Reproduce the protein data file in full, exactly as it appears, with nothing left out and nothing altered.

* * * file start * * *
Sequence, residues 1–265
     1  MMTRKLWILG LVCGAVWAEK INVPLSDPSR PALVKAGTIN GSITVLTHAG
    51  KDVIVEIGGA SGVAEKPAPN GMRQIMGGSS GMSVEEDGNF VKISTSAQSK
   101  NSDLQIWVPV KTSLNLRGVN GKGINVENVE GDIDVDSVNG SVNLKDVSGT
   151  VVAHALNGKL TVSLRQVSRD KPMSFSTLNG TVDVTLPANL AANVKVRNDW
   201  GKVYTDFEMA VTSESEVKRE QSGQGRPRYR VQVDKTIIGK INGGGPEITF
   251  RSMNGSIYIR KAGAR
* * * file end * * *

Sequence, residues 1–265
     1  MMTRKLWILG LVCGAVWAEK INVPLSDPSR PALVKAGTIN GSITVLTHAG
    51  KDVIVEIGGA SGVAEKPAPN GMRQIMGGSS GMSVEEDGNF VKISTSAQSK
   101  NSDLQIWVPV KTSLNLRGVN GKGINVENVE GDIDVDSVNG SVNLKDVSGT
   151  VVAHALNGKL TVSLRQVSRD KPMSFSTLNG TVDVTLPANL AANVKVRNDW
   201  GKVYTDFEMA VTSESEVKRE QSGQGRPRYR VQVDKTIIGK INGGGPEITF
   251  RSMNGSIYIR KAGAR